When HSBC Holdings
Earlier this month, the government finally announced it would begin to clamp down on the industry and make sure borrowers fully understand what they are signing up for. Now comes word from Senator Dodd that on top of reforming the industry's sordid practices and questioning regulators as to why it took them so long to act, it might also be time to consider offering a bailout to borrowers.
Dodd is right that regulators need to explain why they weren't cracking down on lending practices in the subprime industry before now and to clamp down on predatory lending practices. But bailouts are out of the question and, really, just plain dumb. Bailouts won't really help fix anything. Our system works because people take risks, and they live with the consequences or reap the rewards. When you start bailing out anyone for taking a risk, you only encourage the behavior you want to curtail.
Some borrowers are going to suffer. That's the way the system works. Some lenders are going to suffer, too, and deservedly so. Write bad loans and you don't get your money back. The only people that deserve help are victims of outright fraud -- whether they be borrowers or lenders -- and that should be resolved in the market and the courts, not with any form of financial assistance from the government to borrowers.
Its likely that Senator Dodd made the suggestion to gain favor with voters. And some of them, no doubt, would gladly take a bailout. But if Dodd really wants to get to the root of the problem, he'll turn to his counterparts on the education committee and ask why people get through high school without being able to understand how a loan works from start to finish, and focus on how things got so out of hand in the industry in the first place. If there are real crimes here, those are the ones to go after.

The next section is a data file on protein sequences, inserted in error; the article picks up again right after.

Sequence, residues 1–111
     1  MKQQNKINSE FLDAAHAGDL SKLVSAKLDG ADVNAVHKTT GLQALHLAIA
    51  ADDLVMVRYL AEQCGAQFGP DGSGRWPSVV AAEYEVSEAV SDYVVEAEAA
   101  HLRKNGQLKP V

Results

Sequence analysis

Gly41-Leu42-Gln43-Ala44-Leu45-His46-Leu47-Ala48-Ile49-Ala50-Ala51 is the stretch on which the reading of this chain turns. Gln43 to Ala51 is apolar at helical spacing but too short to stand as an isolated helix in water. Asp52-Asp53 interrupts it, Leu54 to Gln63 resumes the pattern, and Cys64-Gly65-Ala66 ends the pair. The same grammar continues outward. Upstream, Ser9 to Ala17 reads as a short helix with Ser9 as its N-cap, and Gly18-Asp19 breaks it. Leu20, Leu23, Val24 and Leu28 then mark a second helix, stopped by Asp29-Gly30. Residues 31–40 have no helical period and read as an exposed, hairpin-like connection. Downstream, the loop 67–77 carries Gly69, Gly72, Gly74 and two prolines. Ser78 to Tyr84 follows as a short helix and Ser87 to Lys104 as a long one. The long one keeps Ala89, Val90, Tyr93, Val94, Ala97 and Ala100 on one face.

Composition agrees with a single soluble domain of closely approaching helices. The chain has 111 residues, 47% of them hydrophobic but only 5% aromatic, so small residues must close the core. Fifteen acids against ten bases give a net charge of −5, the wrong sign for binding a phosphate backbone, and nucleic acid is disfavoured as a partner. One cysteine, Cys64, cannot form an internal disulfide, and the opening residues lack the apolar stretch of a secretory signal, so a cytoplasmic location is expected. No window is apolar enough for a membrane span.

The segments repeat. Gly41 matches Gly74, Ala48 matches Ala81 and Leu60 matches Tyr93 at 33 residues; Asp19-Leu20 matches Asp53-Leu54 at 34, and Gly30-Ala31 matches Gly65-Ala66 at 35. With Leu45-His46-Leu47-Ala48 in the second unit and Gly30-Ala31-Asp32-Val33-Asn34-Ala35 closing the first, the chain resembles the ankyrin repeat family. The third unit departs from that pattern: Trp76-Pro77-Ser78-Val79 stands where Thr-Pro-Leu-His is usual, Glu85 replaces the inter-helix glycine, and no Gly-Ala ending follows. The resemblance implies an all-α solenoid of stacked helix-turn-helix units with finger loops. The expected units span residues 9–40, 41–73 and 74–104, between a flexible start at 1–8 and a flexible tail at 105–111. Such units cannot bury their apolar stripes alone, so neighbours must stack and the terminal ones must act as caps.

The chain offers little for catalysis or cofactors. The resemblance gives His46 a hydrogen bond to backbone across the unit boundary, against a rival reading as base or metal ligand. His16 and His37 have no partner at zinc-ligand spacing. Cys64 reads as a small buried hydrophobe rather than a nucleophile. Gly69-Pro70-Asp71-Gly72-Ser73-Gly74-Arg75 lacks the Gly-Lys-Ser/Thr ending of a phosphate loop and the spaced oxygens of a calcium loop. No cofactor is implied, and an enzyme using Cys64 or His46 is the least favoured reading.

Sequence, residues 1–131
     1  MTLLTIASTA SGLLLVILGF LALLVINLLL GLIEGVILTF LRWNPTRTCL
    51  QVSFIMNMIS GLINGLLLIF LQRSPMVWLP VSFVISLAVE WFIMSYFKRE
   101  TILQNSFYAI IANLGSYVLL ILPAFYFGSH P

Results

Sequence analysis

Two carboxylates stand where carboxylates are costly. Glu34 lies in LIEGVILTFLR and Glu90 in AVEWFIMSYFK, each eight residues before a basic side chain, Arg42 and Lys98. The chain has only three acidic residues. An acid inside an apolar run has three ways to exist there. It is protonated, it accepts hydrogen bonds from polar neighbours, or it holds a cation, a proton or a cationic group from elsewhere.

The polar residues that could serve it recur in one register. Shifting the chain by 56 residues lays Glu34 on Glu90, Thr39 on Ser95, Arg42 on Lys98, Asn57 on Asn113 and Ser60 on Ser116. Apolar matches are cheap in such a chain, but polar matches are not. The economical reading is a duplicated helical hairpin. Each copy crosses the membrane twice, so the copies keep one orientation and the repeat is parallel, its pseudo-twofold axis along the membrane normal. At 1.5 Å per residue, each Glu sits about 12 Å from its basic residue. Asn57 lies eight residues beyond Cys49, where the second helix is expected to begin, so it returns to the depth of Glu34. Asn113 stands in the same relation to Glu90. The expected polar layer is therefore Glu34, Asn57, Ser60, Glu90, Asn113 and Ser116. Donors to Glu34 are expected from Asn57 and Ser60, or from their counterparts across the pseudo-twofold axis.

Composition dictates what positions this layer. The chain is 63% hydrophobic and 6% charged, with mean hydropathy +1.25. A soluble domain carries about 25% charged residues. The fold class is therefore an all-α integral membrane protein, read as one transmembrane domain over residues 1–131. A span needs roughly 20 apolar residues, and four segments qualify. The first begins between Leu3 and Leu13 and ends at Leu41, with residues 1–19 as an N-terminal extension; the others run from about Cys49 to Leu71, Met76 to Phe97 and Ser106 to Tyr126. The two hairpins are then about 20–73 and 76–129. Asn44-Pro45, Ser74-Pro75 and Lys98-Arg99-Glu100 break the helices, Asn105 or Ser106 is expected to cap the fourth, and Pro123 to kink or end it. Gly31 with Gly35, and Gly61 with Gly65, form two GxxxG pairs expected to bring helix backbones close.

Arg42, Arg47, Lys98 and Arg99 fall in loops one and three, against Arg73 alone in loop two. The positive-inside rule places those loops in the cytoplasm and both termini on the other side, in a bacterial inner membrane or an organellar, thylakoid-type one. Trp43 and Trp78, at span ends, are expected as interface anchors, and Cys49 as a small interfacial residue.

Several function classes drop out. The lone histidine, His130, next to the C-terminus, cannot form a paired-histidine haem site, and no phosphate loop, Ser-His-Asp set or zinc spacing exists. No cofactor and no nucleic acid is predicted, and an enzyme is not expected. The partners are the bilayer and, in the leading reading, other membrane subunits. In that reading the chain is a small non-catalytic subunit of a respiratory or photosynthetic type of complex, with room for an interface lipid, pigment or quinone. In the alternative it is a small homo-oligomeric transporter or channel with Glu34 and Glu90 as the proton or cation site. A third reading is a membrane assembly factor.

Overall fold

As an aside, I don't think we're by any means done with lenders seeing pain. There are other companies out there with varying degrees of exposure to the subprime market, and there are option ARMs that have yet to reset. I'm most interested to see what happens when investors and the general public realize lenders such as BankUnited Financial
This interest income is recognized properly by the companies according to GAAP, but it is not actually cash coming in the door. The dirty secret is in the cash flow statement and the footnotes. To believe the earnings accurately represent economic returns is to believe all the cash is going to eventually come in. The truth lies somewhere in the middle, and I think we'll ultimately see large adjustments and charges to reconcile accounting returns and economic returns.
Comments? Bring them here.
At the time of publication, Nathan Parmelee had no financial position in any of the companies mentioned. Despite the rant, he thinks a number of good banks are being punished with the bad. He's also ranked 40th out of 24,312 investors in Motley Fool CAPS. The Motley Fool has an ironclad disclosure policy.